"Next time you are in one of those countless cocktail parties, look out for those who come in designer labels from head to toe and start scanning the room for bigger fish even while chatting with you. They will do anything to make sure you know the cool, exclusive, elitist things they are doing," he warns.
While Majumdar has been blunt in his warning, most other newspapers have taken the roundabout way to help you feast on the 'sordid' past of Indrani Mukerjea and seemingly warn you against the deadly attraction of the femme fatale. Almost everyone has carried a 'family tree', with three arrows emanating from Indrani's face and leading to the names and thumbnails of three men.
They in turn, lead to the children they have.
The point of the infographic is very simple - to elicit a 'OMG, how many men has she had' gasp. In India, a woman who admittedly has been in relationships with more than one man in her life, has always been subject of much shock, awe and suspicion. In the Indrani Mukherjea case, her love life, her multiple husbands, her Page 3 status are all becoming arrows pointing to the crime she stands accused of.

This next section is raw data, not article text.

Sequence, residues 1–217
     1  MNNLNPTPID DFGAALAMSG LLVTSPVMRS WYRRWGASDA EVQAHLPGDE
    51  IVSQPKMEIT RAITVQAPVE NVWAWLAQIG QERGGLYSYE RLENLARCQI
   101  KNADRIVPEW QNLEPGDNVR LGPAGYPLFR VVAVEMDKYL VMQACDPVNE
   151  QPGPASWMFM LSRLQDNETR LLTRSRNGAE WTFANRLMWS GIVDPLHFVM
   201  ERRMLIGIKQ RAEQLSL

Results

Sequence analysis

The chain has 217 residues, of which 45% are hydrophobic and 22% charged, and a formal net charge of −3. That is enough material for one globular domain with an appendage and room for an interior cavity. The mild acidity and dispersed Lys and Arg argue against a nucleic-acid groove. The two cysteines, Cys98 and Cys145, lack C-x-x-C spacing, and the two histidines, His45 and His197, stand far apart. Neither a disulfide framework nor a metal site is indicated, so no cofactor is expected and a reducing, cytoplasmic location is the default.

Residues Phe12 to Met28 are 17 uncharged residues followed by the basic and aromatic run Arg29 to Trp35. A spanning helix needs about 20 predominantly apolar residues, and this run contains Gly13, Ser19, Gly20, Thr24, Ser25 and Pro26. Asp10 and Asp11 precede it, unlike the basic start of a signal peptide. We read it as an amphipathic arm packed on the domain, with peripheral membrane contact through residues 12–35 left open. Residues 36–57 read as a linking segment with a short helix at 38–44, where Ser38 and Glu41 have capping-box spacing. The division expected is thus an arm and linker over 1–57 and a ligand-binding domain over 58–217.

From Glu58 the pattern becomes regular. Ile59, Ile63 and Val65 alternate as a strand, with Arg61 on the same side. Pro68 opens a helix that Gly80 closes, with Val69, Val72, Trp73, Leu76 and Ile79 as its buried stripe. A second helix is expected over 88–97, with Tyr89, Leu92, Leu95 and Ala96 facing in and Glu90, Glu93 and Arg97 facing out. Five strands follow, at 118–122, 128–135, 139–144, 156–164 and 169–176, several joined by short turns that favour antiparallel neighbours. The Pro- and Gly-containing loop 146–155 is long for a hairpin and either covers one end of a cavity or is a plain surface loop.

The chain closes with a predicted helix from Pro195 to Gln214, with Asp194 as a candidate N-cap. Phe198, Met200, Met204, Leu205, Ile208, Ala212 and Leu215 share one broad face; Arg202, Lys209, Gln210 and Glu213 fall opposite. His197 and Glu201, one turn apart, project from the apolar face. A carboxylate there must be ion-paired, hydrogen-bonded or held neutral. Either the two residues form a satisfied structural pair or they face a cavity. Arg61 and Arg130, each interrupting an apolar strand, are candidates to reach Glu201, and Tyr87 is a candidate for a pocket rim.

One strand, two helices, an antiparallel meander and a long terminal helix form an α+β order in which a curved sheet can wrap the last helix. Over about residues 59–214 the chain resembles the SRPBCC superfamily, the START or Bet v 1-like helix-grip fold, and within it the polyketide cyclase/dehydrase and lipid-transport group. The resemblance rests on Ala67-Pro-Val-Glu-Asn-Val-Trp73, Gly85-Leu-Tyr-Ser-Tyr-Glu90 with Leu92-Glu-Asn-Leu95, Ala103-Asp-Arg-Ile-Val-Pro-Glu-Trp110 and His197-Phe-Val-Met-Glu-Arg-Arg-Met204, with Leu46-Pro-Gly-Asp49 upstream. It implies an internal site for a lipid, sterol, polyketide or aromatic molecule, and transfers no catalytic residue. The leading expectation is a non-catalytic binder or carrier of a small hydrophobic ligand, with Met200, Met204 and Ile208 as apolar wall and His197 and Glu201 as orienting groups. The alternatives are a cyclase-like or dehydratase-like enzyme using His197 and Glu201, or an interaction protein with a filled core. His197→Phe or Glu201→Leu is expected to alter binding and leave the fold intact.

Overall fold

In India, the femme fatale is supposed to revile, as much she is supposed to fascinate. We raise our eyebrows at the men on her arm and wonder about her antecedents. Remember the time news broke that Shashi Tharoor was set to marry Sunanda Pushkar?
After the country was done asking, "Sunanda, who?", there were elaborate reports on her earlier marriages. Sunanda was married twice before she married Tharoor. A recurrent theme on almost every report on Sunanda was her previous husbands, especially her first husband who had allegedly committed suicide.
The Indian Express' profile of Sunanda Tharoor reads uncannily like the 'profiles' of Indrani Mukerjea, tracing her life as Pori Bora in Guwahati.